From Avengers Endgame and Joker to Gully Boy and Super Deluxe, the top 10 films of 2019
Years from now, this past decade will be seen as the period during which the film industry underwent great changes. Whether or not these changes were for the greater good will probably take another 10 years to fully understand.
Streaming arrived and brought with it a revolution that not only shook the industry to its core, but also inspired several dormant artistes to try harder, lest they be forgotten in the reshuffle. Innovations that were once considered sure things revealed themselves to be nothing more than momentary flirtations. 3D came and went, the theatrical model crumbled, but good filmmakers continued to create.
There is no correct way to compile lists such as this, simply because it is impossible to watch every film that is released in a calendar year. And so these lists must be considered for what they are: a distillation of one person’s tastes that serves one purpose and one purpose only. The goal, as always, is to present a variety of movies, some of which you would have definitely seen, but hopefully, some you might discover. Some of these you’ve heard of, others you’ve ignored, but each of them is a strong reminder that regardless of what the industry does, good films will always be made.
Here are 10 great ones, from number 10 to number 1:
Heavily inspired by the bleak philosophy of Martin Scorsese’s Taxi Driver and The King of Comedy, Todd Phillips’ Joker is an unrelentingly distressing drama about loneliness and unchecked mental illness. In a year that gave us Avengers: Endgame and HBO’s Watchmen, it’s yet another reminder of how vital, and diverse comic book storytelling can be.
Director Richard Shepard’s The Perfection, available on Netflix, is a near-perfect masterpiece of modern exploitation cinema with a subversive feminist slant. It is precisely the sort of gem that gets lost in the interminable glut of mediocrity that dominates the conversation these days - especially online. We will watch what we are told to watch - either by corporations or by algorithms. I am neither. So please watch The Perfection.
Avengers: Endgame is a terrific example of that epic intimacy that Marvel does so well - alternating between glorious action and subtle character moments. Watching it almost feels like taking a wistful walk down memory lane, flanked on either side by a Russo brother. The Russos are probably operating at their most mature here, examining themes of parenthood and patriarchy, loss and legacy - and of power; how it switches forms as it moves from one hand to another (literally).
The only way to confront radical terrorism, the film asserts - and Thanos is a radical terrorist, make no mistake about that - is through unity and bravery. Real cinema is about the human condition, Martin Scorsese said. Considering the tremendous upheaval we’re witnessing right now, it doesn’t get more real than this.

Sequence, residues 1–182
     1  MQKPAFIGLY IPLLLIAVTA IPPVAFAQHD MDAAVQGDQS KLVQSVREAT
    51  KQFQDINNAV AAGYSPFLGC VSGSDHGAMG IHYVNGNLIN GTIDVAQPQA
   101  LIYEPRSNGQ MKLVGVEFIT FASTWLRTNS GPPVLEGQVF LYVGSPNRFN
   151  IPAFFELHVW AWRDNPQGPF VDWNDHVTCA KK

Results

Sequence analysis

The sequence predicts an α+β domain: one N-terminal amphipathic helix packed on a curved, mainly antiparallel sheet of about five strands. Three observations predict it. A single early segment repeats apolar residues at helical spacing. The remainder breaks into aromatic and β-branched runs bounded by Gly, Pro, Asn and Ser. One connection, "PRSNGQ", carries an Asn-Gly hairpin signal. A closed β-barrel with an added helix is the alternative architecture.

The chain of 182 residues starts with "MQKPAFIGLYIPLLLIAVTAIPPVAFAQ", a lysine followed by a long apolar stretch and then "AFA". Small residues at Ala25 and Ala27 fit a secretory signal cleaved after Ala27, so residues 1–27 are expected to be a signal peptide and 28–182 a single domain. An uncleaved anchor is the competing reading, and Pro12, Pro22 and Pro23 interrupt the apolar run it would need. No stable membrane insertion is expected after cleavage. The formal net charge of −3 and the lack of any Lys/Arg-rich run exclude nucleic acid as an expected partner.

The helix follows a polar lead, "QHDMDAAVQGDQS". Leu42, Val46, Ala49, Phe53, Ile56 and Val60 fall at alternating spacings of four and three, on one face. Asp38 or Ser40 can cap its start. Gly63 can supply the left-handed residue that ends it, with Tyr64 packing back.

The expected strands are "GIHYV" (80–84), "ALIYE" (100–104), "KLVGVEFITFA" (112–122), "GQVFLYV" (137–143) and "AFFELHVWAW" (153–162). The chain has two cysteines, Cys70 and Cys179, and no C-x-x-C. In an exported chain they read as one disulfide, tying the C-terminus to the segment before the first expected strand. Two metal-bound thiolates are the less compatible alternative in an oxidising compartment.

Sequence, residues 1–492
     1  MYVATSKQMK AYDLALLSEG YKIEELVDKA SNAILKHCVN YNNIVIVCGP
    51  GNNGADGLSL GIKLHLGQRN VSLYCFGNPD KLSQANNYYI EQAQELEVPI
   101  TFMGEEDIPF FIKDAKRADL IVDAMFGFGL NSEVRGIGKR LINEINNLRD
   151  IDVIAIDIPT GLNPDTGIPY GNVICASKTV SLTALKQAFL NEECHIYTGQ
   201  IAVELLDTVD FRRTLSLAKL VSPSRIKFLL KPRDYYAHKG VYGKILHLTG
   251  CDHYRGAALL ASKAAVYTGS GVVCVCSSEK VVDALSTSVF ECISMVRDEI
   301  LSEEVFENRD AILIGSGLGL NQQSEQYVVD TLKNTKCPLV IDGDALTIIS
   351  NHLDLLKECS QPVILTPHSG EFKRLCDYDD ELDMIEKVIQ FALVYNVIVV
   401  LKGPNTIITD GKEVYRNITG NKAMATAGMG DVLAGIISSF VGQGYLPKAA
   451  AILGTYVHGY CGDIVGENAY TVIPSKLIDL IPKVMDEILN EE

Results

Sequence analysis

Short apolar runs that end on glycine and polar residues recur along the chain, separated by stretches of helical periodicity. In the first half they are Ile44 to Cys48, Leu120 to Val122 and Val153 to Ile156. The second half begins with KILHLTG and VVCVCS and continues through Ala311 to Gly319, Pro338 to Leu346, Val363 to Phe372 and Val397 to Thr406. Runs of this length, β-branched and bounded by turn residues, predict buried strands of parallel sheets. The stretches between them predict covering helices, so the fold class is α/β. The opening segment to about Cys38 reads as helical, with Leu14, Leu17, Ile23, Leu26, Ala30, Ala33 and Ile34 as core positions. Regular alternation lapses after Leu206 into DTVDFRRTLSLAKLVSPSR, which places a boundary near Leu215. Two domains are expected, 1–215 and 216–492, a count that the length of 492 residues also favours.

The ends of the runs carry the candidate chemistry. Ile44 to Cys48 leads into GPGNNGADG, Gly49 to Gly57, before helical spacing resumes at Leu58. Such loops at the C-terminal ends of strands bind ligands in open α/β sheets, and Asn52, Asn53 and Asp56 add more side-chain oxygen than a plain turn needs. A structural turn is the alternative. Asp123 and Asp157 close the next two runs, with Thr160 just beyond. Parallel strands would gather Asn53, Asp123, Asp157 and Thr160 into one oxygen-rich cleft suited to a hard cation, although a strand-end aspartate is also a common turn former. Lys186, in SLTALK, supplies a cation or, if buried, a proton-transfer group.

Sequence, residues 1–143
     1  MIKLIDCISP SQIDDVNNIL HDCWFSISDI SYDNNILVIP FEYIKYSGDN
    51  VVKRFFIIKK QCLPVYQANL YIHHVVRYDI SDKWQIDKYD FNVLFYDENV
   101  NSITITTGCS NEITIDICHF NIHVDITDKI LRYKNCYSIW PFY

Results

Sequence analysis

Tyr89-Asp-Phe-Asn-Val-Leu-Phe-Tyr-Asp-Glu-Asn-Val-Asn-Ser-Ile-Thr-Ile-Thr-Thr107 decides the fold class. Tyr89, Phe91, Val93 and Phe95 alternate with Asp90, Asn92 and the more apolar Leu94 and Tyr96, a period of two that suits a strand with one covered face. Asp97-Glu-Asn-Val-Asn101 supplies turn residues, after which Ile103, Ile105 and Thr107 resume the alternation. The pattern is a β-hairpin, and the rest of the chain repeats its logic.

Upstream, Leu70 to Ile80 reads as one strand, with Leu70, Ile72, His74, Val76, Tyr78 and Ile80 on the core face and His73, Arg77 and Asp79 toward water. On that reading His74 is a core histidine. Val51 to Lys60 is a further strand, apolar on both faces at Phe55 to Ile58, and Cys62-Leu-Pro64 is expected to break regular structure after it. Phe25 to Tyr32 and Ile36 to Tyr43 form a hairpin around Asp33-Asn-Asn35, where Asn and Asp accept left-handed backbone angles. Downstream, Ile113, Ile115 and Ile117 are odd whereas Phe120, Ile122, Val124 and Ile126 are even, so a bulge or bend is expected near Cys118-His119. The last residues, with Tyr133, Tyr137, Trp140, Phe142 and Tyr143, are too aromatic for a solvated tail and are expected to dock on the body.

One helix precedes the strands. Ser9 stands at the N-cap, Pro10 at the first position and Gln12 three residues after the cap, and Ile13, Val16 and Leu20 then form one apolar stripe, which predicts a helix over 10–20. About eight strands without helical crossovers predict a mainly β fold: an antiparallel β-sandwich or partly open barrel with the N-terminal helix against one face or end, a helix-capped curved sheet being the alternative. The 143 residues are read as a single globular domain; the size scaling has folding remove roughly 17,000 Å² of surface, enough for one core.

Director Noah Baumbach’s new film, released on Netflix like his last, is utterly heartbreaking. Marriage Story is so authentic that watching it occasionally feels like eavesdropping on a couple in their most vulnerable moments. Alternately understated and ham-fisted, it is a love story about falling out of love.
The Two Popes
Not since Danny Boyle and Aaron Sorkin’s Steve Jobs have the singular voices of a director and a writer united with such wisdom, wit, and visual flair. Written and directed by Anthony McCarten and Fernando Meirelles, respectively, The Two Popes is a triumphant capper to Netflix’s unofficial trilogy of awards contenders, following Martin Scorsese’s The Irishman and Marriage Story. And it might just be the best of the lot.
It would perhaps be a slightly hyperbolic to compare director Thiagarajan Kumararaja’s Super Deluxe to Quentin Tarantino’s Pulp Fiction, but of all the Tarantino ‘imitators’ that have arrived over the years, this is easily the most original, leaping from raunchy teen comedy to a an existential drama of cosmic proportions. Super Deluxe a blazingly ambitious achievement, made up of four tonally different segments that intersect and flirt with each other, before ultimately colliding.
Directed with razor-sharp wit by debutante Olivia Wilde, Booksmart is the seminal high school of this generation. The comparisons to Superbad are justified - the structure is oddly similar, as is the adorable relationship between its two leads; not to mention, Beanie Feldstein is Jonah Hill’s sister - but in the decade that has almost passed since Superbad, the high school experience remains strangely unchanged.
Director Lulu Wang’s semi-autobiographical film is quietly stirring immigrant story. Endearingly acted and stunningly shot, The Farewell is more than just a tale about a woman caught between two worlds; it is a volatile mixture of American values and Asian attitudes. And like so many films on this list, it’s about family.
The finest mainstream Hindi film in many years, Gully Boy, like its mentor 8 Mile, is first and foremost a film about class - that great scourge of modern India. Ranveer Singh’s Murad could have been anyone. Rap music is merely a vessel for him to address his anxieties about the home he was born in, and the lifetime of servitude that he has been sentenced to.
Ironically, the two finest films I saw this year deal with the same themes. That probably says something about me, but also about the world we live in. But while Gully Boy chose to address ideas about social division and poverty with typical Indian reservation, Parasite turned out to be just as tonally bonkers as any film the South Korean genius Bong Joon-ho has ever made. It is a masterpiece of social satire, wonderfully performed, stylishly shot, and when it needs to be, shockingly brutal.